An equity-indexed annuity has attributes of both a fixed and a variable annuity account. Much like a variable annuity, interest gains will vary depending on the performance of the chosen index, but like a fixed annuity the principal and credited interest (gains) cannot be lost due to market fluctuations.
The big difference between variable and indexed annuities is that variable accounts rely on appreciation of volatile market assets like stocks and bonds. The owner has to buy low and sell high. Conversely, indexed annuities rely on interest gains tied to market performing indexes like the S&P 500®. The account does the buying and selling automatically and the interest gains can never be less than zero.
Indexed annuities are insured, cannot lose value, and have no direct stock or bond market exposure. Thus, these investment accounts are significantly different from variable annuities. This is advantageous for conservative minded investors who desire safety and the potential for higher returns.
Indexed Annuities Offer Higher Interest Potential
The stock market has been very unpredictable and extremely volatile over the last decade. Investors have lost untold billions and many are looking for safe and insured investment options. Fixed indexed accounts are a popular alternative to the overall markets as they avoid losses during market corrections while crediting interest during market upswings.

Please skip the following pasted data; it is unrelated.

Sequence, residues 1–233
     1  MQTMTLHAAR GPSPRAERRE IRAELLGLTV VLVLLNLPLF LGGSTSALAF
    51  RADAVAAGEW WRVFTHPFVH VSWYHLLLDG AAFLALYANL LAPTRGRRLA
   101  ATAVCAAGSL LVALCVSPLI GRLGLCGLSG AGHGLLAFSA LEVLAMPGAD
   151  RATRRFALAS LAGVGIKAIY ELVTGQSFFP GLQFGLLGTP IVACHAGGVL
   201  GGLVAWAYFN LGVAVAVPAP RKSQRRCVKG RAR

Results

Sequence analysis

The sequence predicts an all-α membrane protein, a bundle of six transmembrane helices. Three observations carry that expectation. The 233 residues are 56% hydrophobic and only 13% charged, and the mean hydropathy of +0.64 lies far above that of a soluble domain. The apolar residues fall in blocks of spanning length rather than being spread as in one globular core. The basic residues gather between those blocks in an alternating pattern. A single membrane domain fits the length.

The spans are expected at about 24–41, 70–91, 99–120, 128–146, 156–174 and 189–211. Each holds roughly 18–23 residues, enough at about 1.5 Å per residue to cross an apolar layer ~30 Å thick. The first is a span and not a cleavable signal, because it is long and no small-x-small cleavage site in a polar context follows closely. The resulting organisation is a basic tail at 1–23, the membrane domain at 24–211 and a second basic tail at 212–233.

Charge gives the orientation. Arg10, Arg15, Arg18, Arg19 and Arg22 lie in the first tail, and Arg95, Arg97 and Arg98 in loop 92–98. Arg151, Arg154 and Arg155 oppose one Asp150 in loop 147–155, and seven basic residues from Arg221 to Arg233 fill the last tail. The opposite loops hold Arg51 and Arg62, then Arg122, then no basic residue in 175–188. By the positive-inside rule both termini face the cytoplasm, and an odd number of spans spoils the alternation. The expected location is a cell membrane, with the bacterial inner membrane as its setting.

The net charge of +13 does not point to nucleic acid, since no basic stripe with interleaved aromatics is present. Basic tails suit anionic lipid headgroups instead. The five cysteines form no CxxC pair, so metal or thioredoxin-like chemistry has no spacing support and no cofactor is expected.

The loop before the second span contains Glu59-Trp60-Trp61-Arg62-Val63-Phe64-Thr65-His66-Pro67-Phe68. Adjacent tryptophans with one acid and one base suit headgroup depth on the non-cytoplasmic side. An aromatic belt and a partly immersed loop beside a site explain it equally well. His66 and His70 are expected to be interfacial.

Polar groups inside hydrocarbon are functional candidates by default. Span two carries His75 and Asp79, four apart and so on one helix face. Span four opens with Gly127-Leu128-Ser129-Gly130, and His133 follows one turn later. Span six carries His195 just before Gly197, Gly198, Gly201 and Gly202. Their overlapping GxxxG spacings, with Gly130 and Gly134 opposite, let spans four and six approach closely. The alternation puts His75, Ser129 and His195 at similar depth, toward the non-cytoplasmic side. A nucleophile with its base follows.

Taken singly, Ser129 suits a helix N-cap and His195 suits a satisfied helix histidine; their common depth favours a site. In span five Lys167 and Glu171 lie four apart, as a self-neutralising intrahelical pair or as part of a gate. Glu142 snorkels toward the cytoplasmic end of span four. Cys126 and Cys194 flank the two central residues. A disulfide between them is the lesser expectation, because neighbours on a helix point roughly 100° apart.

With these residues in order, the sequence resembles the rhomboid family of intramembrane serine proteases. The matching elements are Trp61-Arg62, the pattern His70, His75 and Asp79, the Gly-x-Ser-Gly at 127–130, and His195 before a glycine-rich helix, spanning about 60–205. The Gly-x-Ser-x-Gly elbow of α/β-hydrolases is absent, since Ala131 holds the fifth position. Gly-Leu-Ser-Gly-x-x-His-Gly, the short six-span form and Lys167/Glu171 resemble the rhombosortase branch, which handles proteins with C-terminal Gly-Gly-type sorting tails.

Equity indexed (also referred to as fixed indexed) annuities are unique in the manner in which they credit interest. Traditional fixed annuities credit interest daily based on the internal returns of the insurance company’s portfolio – much like a certificate of deposit.
Indexed accounts do not credit interest daily. Rather, the insurance company uses the same interest returns normally credited to a traditional fixed account to purchase option contracts.
The option contracts are tied to the S&P 500®, Dow Jones®, NASDAQ® or one of several other market indexes chosen by the account owner. The option contracts either increase in value (and credit interest to the account) or expire worthless. You are only risking your interest each year.